Newborn babies often also display a range of non-specific symptoms. In these cases, toxoplasmosis symptoms are similar to the symptoms of a number of viral infections, including cytomegalovirus, herpes simplex virus and rubella virus. This makes it difficult to diagnose toxoplasmosis and means the doctor may do blood tests for toxoplasmosis, as this is the only way to differentiate it from other possible conditions.
It should be noted that many newborns are born with no obvious signs of toxoplasmosis. Nevertheless, if the mother experienced toxoplasmosis during pregnancy, the doctor may conduct tests to determine whether or not the baby is infected.
Newborn babies who display no or only mild symptoms are at risk of experiencing complications later in life because of their toxoplasmosis infection. 80% of infants infected at birth are asymptomatic but will develop complications at some point in the future, sometimes decades after birth. The complications may not occur until the baby reaches their 20s or 30s. Late complications that may occur in infected newborns include:
- Chorioretinitis (eye inflammation);
- Hepatosplenomegaly (enlarged spleen or liver);
- Mental retardation;
- Psychomotor retardation (characterised by reduces physical and mental activity);
- Sensorineural hearing loss/deafness (deafness due to dysfunction of the ear’s nerve) ;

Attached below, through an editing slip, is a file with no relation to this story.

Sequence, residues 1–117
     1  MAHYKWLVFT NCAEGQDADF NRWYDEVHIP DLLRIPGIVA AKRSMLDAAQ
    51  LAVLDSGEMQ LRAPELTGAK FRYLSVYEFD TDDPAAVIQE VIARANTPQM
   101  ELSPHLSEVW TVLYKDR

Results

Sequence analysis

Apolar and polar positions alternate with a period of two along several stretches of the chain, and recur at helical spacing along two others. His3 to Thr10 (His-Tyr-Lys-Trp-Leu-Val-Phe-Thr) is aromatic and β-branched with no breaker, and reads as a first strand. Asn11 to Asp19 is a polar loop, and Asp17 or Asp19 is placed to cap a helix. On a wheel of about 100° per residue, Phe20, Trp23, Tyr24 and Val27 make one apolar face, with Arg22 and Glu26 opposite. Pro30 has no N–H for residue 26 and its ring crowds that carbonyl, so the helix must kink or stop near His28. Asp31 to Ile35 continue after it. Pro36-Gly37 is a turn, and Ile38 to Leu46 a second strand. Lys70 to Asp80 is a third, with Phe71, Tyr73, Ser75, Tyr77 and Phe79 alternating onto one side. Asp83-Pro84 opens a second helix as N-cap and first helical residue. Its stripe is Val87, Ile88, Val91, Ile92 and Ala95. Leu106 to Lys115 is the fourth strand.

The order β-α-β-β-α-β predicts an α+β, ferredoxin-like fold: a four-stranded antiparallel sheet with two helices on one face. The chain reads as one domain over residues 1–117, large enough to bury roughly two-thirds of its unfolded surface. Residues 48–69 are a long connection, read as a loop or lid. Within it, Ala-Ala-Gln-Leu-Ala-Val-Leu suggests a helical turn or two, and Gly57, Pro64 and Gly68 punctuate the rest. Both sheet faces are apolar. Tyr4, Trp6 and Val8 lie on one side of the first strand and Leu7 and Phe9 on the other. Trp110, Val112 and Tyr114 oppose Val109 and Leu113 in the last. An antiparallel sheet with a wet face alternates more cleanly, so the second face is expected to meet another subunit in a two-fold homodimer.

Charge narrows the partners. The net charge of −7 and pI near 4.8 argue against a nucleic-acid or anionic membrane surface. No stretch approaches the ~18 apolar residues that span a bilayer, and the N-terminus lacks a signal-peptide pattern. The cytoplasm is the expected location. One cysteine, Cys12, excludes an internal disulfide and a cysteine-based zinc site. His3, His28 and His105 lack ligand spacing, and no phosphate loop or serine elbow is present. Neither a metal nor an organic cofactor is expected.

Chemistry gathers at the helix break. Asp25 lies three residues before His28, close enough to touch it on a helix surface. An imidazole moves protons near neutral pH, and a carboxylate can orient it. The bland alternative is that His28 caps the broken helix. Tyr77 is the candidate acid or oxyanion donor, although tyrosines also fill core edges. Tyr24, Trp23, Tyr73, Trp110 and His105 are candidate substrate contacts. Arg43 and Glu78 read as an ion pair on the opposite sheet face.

- Learning difficulties.
Late complications and severe disease in the newborn are more likely if the mother became infected during the first trimester of pregnancy. The risk of late complications is reduced by half if the condition is diagnosed promptly and antibiotic therapy is given for the first year of the newborn’s life.
When an adult presents to a doctor with toxoplasmosis, the most common symptom is chorioretinitis or inflammation of the eye. In these cases, the doctor will examine the eye for retinal lesions (tears, ulcers or other discontinuities in the tissues of the eye’s retina), which are an indicator that toxoplasmosis is a likely cause of the eye problems. If retinal lesions are found in the eye examination, the doctor will conduct blood tests for toxoplasma antibodies.
If a mother experienced toxoplasmosis during pregnancy, a paediatricianwill usually attend the birth in order to perform a full physical examination of the baby when it is born. The examination will probably include an eye examination. Blood tests are also likely to be performed if the eye examination reveals retinal lesions.
How is it Diagnosed
Toxoplasmosis can be diagnosed with a blood test for anti-toxoplasma IgM. A positive test indicates toxoplasmosis. A blood test for anti-toxoplasma IgG indicates past infection which is currently latent.
T. gondii infection in pregnant women can also be detected using blood tests for anti-toxoplasma IgM and anti-toxoplasma IgG. Positive results indicate acute and latent infection respectively.
Women who test positive for toxoplasma antibodies may have further blood taken for specialist testing to determine when the active infection occurred.
If you experience toxoplasmosis while you are pregnant, tests may also be conducted to determine whether or not the infection has been transmitted to your foetus. The tests are conducted using a sample of amniotic fluid (fluid from the amniotic sac which protects the foetus and placenta. This is the sac that breaks when a woman’s ‘water breaks’ just before she is about to give birth).
If the foetus is found to be infected with toxoplasmosis, an ultrasound may be performed to assess for deformities in the foetus, although most foetuses with toxoplasmosis appear normal on ultrasound.